Even More Newspapers Revealed!

Posted by Jamie Brinkman on April 3, 2014 in

As many of you know, the main publication on the RPI campus is the Rensselaer Polytechnic.  But did you know why the Polytechnic was revived in 1885, after being out of publication for nearly fifteen years? I stumbled across the answer to this question while completing my first project as an intern here at RPI, digitizing nineteenth century student newspapers.

In 1856 the first RPI student newspaper, the The Commentator, 1856-1857Commentator made its appearance.  The Commentator was edited anonymously, and featured the story “The Challenge-but not the Duel” in installments, as well as news and satiric comments about the Troy Female Seminary (now the Emma Willard School) and RPI students.  Interestingly, it was rumored that the Commentator was “an ingenious and vengeful production by a group of students from the Troy Female Seminary,” though this was never proven (Rezneck, 1968).  After a few issues were published, the Commentator slipped into oblivion. The Surveyor, 1865-1866

The Commentator was then succeeded by the Surveyor and the Rod and Leveller during the mid-1860s.  They too did not last long.  Both appeared to have lasted throughout the 1865-1866 academic year before publication ceased.  Interestingly, it seemed as though the two were rivals.  A month after the Surveyor was introduced the Rod and Leveller published a critique of the new paper, calling it “fine by defect, and delicately weak.” Rod and Leveller, 1865-1866

The Rod and Leveller and the Surveyor were followed by the earlier version of the Polytechnic.  According to its masthead, the Polytechnic was a “record and review of civil, mechanical, and mining engineering and general college news.”  Although the student newspaper was deemed a success by local and national newspapers, it was unable to last past 1869 (Polytechnic, December 18, 1869). Rensselaer Polytechnic Institute Quarterly, 1884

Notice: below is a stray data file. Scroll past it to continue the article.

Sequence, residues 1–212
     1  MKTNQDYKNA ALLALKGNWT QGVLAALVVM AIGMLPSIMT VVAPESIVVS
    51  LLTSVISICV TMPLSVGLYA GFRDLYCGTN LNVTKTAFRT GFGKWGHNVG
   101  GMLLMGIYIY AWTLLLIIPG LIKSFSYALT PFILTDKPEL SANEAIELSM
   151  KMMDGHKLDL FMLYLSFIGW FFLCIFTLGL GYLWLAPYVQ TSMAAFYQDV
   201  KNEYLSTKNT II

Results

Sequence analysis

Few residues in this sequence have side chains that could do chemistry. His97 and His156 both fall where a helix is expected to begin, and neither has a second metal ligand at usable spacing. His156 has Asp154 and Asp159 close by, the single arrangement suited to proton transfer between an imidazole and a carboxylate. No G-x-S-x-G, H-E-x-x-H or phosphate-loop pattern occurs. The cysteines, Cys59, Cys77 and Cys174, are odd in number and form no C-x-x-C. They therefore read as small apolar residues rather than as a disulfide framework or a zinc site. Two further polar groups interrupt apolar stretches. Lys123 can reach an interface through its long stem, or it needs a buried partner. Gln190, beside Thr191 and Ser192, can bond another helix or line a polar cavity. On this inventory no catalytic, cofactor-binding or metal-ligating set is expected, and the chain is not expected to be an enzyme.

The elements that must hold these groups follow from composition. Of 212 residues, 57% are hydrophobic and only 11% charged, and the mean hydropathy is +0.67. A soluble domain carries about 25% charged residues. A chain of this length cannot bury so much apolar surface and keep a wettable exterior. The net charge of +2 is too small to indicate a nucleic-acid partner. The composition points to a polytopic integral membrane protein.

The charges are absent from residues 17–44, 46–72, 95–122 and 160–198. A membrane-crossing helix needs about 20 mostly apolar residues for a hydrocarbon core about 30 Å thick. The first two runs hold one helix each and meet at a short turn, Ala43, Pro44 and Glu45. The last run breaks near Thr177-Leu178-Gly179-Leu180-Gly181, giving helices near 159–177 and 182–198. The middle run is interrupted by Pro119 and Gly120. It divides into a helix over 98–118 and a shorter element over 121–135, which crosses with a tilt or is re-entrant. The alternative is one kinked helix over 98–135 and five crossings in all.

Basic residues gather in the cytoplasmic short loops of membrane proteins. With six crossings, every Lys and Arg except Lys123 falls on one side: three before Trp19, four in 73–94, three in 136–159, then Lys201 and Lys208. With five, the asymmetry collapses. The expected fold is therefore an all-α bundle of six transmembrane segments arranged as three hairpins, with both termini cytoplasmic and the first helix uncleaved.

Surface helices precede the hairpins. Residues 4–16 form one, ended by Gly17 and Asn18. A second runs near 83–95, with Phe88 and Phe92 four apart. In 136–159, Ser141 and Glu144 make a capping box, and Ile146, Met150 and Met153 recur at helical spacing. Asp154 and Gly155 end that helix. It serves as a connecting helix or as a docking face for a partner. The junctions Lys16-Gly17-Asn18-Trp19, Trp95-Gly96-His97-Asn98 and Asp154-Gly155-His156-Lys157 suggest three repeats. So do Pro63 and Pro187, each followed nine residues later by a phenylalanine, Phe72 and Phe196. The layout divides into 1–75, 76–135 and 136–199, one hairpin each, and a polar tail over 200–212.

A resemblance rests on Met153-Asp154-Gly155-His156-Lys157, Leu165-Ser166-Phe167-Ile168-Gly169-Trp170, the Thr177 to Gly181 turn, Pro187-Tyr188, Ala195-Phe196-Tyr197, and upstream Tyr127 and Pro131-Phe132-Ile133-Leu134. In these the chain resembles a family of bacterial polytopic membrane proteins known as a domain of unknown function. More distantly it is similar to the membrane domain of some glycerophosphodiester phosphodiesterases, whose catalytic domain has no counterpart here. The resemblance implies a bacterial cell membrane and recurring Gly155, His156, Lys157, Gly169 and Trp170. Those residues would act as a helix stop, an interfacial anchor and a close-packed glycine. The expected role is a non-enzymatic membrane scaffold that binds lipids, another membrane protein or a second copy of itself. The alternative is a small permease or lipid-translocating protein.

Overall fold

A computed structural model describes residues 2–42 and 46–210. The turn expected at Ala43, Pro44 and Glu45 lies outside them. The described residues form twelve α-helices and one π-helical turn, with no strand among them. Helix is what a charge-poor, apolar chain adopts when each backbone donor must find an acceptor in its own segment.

Fifteen years later, five students contemplated publishing a quarterly scientific newspaper.  In February of 1884, they sent out a letter seeking subscribers and contributors to help make the proposed newspaper a success.  The Rensselaer Polytechnic Institute Quarterly was published three months later in May.  The Quarterly’s publication came with great difficulty, “owing to the failure of the alumni to respond to calls for contributions” (Quarterly, 1884).  The editors were unable to tell readers when the next issue would appear, but hoped that it would appear in November.

Unfortunately that issue would never be produced, and the RPI campus was without a student newspaper. The failure of the Quarterly did have one positive side effect though.  Due to the lack of a “medium for the regular exposition of matters of interest to [the Institute], its alumni and the public,” a group of students decided to revive the Polytechnic.  Unlike its predecessors, including its earlier version, the Polytechnic was able to last more than a few issues!  Luckily, issues of these early student newspapers survived and can be accessed through Rensselaer Digital Collections.

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